Australia-based Atrum Coal said in a July 31 activities report covering the second quarter of this year that it continues to advance exploration and pre-feasibility study (PFS) work on its Groundhog anthracite coal mining project in British Columbia.
It said it has completed a four-week drilling program at its flagship Groundhog Anthracite Project in this Canadian province, targeting infill drilling of a bulk sample location area prior to trial mining in the second half of 2014. Atrum said it has completed seam correlation, structural modeling and anthracite quality interpretation from the 64 diamond core drill hole program completed in 2013.
Recent anthracite quality results were excellent and in line with 2012 results with wash yields ranging from 57% to 83% for a range of potential anthracite products, the company noted. A primary area has been identified as a shallow entry point into the high quality #70 seam for maiden production of up to a 100,000 tonne bulk sample commencing in 2014, with this area confirmed to host ultra-high grade (UHG) anthracite.
The independent PFS confirms “robust economics” for peak 5.4 million tonnes per year of run-of-mine (ROM) operation at Groundhog, the company said. The PFS covers less than 5% of the Groundhog area and only two of 20+ anthracite seams.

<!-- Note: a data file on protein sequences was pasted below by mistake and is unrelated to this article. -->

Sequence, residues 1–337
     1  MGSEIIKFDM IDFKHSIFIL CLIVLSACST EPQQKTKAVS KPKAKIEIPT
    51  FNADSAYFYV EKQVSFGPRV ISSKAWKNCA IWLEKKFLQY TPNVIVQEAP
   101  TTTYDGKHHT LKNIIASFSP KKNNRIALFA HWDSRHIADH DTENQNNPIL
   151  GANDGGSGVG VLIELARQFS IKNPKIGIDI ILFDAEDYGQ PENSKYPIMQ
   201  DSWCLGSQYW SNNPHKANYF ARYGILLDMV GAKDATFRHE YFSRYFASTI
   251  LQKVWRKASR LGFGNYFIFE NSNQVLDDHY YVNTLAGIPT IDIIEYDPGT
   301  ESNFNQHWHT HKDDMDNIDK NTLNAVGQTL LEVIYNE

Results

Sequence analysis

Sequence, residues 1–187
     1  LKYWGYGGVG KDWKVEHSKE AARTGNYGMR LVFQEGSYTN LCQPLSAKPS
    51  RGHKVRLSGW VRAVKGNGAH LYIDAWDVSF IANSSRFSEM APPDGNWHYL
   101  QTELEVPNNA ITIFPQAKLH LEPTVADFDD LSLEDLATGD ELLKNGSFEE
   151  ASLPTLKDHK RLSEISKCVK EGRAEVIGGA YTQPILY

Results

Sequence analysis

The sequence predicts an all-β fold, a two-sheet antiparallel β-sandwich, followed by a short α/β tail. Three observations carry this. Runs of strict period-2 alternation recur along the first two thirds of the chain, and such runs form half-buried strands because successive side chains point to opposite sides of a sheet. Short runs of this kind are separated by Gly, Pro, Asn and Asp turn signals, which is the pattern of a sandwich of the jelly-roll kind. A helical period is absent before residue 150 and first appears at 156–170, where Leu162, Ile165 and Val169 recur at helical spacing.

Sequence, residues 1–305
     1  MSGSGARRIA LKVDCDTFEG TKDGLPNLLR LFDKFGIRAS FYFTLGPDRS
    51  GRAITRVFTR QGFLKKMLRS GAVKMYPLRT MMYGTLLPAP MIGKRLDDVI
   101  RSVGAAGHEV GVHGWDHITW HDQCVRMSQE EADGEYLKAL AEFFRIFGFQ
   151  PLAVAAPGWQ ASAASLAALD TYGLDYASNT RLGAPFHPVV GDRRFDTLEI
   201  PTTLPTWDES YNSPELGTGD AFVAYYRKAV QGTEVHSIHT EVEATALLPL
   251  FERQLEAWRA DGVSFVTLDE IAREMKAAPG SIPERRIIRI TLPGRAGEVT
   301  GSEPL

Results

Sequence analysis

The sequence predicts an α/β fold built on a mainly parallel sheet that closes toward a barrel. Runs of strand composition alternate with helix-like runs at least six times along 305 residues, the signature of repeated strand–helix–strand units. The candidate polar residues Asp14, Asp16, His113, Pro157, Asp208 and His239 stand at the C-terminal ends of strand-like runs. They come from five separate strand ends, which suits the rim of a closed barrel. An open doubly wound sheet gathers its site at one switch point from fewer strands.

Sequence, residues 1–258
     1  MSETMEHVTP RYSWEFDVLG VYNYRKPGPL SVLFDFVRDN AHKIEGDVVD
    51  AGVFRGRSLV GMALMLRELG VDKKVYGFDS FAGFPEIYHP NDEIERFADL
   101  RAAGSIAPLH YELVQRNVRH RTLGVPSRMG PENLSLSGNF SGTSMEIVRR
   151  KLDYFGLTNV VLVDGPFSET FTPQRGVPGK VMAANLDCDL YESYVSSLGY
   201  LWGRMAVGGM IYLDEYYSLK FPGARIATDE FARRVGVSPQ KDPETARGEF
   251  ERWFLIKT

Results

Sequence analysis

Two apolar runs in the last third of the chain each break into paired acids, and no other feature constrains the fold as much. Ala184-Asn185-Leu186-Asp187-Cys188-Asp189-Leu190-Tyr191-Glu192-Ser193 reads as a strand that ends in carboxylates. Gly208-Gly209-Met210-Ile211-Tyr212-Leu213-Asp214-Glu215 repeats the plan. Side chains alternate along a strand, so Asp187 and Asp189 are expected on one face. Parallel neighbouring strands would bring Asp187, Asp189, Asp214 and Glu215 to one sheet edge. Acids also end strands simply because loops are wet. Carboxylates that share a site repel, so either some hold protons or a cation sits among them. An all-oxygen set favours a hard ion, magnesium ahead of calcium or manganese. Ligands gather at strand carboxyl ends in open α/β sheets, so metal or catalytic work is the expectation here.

A Terminal Services Agreement and Land Reservation Agreement were signed with Stewart Bulk Terminals for the export of 1.5 million tonnes per year on non ‘take or pay’ terms commencing in 2014. A memorandum of understanding has been signed with Stewart World Port for the export of up to a further 5 million tonnes per year with staged export commencing in 2016.
The Groundhog project is located in the Groundhog Coalfield in the northern part of the Bowser Basin in north-western British Columbia, approximately 890 kilometers northwest of Vancouver.
Atrum commissioned leading Australian-based mining and engineering consultants Valzan to carry out an independent PFS for the development of an up to 5.4 million tonnes per year ROM operation at Groundhog. Although the deposit is shallow and amenable to large scale open-cut mining, in order to fast-track a low impact and low cost entry to production, an initial ‘adit style’ or ‘cut and cover’ underground mine methodology has been adopted.
The PFS is based on the underground mining of the #70 seam and the #40 seam in the northwest area of Groundhog, which represents less than 5% of the aerial extent of Groundhog and models only two seams out of a potential 20+ anthracite seams. Using bord and pillar roadway development and productive mini-wall mining techniques, an initial 87.4 million tonnes of ROM anthracite has been defined with 75 million tonnes of this modeled for extraction.